The Paper photo by John Groth 
Wabash College football players run stretching drills during their opening day of practice Tuesday.
The Paper photo by John Groth
Wabash College football players run stretching drills during their opening day of practice Tuesday.
Darryl Kennon's senses went into overdrive.

Before Wabash College's opening football practice, the Little Giants' senior defensive lineman took in the moment.

His eyes told him how committed the Little Giants stayed to their first summer football theme - "up the ante".

His ears listened as players yelled, whooped and teased each other about the new head coach Erik Raeburn's upcoming drills.

Even his nose could sniff out something different Tuesday afternoon.

"I don't think I've ever been as excited to start a season as I am (Tuesday)," Kennon said. "There's something special about this team. There's something in the air. Guys really dedicated themselves over this summer."

Wabash's first fall football practice started promptly at 3 p.m. Tuesday, with Raeburn quickly getting to work.

After some quick team exercises and stretching, he divided players into different specialty groups and had them work through offensive, defensive and workout drills.

Coming off an 11-2 season, third straight North Coast Athletic Conference championship and NCAA Division III Elite Eight appearance, the Little Giants enter this year with a new head coach and new offensive and defensive schemes.

Raeburn replaced former Little Giants' coach Chris Creighton, who was named the head football coach at NCAA Division I-AA Drake University in Des Moines, Iowa.

But Wabash players remain as hungry as ever to reach an even higher level - and get to what they hope will be the NCAA Division III Final Four and championship game.

That's why they implemented their first summer football theme, making players exercise and work out harder than ever before.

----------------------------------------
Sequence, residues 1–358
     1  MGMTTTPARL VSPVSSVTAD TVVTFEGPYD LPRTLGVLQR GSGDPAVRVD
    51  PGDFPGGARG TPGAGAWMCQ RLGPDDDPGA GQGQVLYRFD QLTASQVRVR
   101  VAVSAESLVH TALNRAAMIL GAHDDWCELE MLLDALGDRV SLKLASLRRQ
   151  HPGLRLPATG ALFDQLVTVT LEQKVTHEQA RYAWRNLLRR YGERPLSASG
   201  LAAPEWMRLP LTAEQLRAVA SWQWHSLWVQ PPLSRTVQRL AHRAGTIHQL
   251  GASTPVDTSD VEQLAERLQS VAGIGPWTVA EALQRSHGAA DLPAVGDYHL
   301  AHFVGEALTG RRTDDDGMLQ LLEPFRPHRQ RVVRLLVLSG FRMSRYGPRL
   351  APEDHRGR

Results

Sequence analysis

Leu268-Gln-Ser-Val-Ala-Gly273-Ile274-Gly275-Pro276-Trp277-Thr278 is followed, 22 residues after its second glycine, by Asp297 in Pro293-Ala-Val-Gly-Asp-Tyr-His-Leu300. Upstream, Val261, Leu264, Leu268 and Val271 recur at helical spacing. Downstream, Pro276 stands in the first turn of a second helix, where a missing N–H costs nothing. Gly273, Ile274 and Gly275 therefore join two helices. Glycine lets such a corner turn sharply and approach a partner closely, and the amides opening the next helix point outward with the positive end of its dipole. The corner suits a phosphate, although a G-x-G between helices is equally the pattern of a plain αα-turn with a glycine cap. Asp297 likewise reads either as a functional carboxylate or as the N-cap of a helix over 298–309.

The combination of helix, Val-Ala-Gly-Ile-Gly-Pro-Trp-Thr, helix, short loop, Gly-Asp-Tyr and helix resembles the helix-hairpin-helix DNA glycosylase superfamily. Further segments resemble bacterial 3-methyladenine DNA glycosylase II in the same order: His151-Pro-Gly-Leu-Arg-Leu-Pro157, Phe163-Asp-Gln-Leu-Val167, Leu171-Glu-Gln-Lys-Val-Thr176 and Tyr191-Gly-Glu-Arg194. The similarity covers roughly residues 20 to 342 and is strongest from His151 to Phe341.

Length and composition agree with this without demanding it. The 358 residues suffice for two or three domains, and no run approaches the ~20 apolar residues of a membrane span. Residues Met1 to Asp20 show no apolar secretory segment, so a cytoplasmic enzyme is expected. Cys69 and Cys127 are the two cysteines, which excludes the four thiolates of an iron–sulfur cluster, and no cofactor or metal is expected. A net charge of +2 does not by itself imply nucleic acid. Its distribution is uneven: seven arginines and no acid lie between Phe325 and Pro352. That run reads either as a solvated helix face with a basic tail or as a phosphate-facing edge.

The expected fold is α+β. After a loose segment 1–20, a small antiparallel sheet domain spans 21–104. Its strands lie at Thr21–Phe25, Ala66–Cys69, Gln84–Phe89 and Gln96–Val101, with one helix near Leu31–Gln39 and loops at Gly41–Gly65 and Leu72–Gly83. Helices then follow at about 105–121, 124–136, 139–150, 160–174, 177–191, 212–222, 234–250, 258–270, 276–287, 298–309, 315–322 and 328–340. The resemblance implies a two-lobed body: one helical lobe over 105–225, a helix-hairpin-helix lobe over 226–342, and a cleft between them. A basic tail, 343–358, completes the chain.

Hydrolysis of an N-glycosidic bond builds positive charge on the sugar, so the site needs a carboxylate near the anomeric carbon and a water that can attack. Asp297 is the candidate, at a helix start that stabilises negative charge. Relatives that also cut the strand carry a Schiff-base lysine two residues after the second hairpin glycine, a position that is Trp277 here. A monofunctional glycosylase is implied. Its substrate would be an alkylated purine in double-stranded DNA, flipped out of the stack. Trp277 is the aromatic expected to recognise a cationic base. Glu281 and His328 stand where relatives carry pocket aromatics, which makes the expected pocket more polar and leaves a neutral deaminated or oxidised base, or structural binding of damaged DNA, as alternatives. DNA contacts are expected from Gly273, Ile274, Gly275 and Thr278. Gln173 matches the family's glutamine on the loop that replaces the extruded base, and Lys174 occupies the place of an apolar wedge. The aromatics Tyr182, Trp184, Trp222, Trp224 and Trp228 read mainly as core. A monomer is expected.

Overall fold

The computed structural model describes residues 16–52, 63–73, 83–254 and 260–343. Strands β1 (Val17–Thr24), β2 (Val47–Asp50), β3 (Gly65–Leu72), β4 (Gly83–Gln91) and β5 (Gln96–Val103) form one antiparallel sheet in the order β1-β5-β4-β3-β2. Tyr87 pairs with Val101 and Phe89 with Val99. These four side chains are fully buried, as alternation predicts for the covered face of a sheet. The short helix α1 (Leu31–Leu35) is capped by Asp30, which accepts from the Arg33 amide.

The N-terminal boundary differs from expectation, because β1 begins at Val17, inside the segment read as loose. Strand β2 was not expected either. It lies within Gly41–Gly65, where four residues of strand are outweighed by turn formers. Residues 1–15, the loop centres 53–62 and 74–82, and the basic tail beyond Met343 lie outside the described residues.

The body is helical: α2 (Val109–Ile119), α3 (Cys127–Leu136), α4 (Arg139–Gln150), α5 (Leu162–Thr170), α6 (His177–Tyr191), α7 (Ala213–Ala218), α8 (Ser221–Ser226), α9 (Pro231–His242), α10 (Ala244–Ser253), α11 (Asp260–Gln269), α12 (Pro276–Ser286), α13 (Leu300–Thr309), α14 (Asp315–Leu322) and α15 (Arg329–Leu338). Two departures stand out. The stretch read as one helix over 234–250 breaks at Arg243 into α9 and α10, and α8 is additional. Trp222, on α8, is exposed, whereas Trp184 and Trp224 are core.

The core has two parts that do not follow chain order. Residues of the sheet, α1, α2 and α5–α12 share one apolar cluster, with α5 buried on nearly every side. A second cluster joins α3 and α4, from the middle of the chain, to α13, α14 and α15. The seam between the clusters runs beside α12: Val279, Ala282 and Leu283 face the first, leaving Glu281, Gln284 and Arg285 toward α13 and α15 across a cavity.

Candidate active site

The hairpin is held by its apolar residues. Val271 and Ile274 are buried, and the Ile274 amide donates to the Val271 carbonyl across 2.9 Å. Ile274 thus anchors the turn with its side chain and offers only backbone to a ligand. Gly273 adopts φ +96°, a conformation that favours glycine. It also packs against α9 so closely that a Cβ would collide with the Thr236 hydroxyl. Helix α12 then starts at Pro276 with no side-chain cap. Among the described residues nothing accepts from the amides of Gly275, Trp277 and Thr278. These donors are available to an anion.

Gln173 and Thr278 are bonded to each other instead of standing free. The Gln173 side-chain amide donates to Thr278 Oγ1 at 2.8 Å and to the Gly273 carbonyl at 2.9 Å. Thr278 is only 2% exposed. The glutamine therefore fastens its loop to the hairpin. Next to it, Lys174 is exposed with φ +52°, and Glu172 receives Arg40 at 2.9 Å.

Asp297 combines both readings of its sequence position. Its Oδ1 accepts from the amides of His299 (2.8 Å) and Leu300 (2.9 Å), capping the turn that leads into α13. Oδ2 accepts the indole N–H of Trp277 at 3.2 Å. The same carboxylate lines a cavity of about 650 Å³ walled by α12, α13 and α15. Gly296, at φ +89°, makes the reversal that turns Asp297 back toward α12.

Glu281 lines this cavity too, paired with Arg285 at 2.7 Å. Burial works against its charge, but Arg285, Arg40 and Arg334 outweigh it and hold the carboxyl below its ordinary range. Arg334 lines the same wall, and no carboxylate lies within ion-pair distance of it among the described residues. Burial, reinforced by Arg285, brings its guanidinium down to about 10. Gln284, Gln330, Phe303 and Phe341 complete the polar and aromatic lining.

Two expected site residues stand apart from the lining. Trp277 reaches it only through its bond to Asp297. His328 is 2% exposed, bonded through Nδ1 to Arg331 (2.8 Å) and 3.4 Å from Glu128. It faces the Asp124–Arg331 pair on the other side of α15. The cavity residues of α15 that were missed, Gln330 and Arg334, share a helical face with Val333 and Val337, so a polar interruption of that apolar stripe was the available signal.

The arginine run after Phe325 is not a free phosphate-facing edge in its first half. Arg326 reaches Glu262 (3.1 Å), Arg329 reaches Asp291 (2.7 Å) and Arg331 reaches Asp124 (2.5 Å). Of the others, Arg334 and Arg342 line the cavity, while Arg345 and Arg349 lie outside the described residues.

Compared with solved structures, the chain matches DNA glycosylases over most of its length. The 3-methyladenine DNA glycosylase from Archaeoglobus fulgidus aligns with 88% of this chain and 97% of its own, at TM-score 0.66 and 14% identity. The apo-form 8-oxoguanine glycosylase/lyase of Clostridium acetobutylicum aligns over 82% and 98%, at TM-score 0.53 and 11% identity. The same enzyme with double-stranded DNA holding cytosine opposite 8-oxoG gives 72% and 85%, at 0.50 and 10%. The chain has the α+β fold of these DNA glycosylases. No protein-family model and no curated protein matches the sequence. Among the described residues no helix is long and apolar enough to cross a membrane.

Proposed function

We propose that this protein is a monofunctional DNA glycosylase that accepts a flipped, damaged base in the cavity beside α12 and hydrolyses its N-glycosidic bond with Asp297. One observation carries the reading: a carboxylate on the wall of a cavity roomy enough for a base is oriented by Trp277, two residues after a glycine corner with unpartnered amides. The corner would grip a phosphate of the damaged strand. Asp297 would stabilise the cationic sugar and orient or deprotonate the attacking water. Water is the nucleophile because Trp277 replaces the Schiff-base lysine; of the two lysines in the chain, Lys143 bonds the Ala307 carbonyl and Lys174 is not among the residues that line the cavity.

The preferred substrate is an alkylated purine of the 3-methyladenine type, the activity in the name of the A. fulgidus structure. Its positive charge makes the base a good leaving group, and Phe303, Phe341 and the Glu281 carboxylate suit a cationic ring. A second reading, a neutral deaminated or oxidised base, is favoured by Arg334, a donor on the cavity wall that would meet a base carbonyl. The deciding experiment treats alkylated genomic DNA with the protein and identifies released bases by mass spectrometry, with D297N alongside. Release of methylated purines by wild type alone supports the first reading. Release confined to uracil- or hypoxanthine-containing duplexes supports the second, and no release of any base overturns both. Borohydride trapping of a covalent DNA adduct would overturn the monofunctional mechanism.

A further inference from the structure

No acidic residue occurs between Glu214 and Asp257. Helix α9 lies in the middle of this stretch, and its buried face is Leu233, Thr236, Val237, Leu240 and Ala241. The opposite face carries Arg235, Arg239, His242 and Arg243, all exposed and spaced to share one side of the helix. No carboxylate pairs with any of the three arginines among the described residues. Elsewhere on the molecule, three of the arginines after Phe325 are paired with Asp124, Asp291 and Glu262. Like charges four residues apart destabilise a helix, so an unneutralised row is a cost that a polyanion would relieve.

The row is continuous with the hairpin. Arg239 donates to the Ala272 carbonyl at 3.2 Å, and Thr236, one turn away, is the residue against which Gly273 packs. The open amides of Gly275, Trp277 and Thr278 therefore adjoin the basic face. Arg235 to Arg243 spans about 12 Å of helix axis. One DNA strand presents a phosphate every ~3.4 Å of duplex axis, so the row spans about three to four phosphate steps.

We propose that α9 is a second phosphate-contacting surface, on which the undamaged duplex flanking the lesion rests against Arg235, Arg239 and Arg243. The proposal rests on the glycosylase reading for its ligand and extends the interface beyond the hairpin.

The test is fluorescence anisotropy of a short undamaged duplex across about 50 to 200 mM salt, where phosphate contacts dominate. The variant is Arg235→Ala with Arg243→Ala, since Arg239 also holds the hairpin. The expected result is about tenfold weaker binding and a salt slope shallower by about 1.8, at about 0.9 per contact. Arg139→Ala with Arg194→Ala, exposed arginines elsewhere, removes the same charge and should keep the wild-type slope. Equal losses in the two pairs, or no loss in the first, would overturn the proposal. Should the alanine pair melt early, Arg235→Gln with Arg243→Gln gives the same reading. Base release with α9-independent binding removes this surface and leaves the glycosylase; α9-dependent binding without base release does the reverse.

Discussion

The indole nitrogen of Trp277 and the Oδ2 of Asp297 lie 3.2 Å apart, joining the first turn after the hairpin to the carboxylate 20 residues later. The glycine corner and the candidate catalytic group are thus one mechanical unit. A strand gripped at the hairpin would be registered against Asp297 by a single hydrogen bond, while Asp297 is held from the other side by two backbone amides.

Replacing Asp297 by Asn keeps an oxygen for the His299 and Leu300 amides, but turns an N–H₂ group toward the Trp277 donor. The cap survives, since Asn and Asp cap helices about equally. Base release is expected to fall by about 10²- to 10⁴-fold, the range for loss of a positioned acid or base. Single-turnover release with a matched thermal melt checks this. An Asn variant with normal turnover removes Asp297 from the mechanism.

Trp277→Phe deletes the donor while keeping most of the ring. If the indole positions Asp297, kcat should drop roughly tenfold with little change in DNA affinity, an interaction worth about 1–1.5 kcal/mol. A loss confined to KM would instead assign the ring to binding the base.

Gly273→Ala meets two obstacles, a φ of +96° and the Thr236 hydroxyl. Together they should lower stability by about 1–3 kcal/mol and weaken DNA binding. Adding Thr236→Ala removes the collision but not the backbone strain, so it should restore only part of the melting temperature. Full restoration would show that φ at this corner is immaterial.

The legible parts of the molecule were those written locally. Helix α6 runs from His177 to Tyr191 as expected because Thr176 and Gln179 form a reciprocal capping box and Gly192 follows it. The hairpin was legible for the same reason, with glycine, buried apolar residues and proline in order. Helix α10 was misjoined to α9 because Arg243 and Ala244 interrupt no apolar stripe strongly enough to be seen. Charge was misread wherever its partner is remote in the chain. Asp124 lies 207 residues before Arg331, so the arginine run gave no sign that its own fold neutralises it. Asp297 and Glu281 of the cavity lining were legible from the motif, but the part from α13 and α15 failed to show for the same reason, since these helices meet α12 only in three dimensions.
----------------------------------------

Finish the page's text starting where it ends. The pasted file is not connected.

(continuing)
Junior starting quarterback Matt Hudson (who threw for 2,769 yards and 25 TD's last year) acknowledged he increased his workout load - running five times per week and throwing more passes than normal this summer.

"We picked it up a notch this summer over the last couple of seasons," Hudson said. "We needed to get after it. We have all the tools to make a good run this year."

Kennon, who led the team with 14 sacks last year, increased his exercise and strength routines - working with a personal trainer at home in Phoenix, Ariz., and picking up Muay Thai boxing over the summer.

Muay Thai boxing is a form of hand martial arts boxing which involves punching, kicking, elbowing, standing, grappling and head-butting opponents, according to the Thai Boxing of the USA's Web site.

Kennon wanted to work on his speed, especially with his hands and feet - which you need to keep moving on the defensive line.

"I can tell the difference (Tuesday) already," he said. "My feet feel a lot quicker. My hands are a lot better. This summer, I started to focus on it. Last year, I didn't have great hands. So I got after it this year."

Wabash doesn't open its season until Sept. 13 at conference rival Denison and will have nearly four weeks of practice time before its first game.

Hudson is excited to start the year with a conference opponent and can't wait to get football started again.

"It'll keep our heads on straight and gets everybody focused and ready to go from the start," he said. "We know if we don't win the first one, we can't win the conference. We have to keep that in mind."


Junior running back Evan Sobecki wasn't in pads during Tuesday's practice. He pulled both glut muscles during workouts.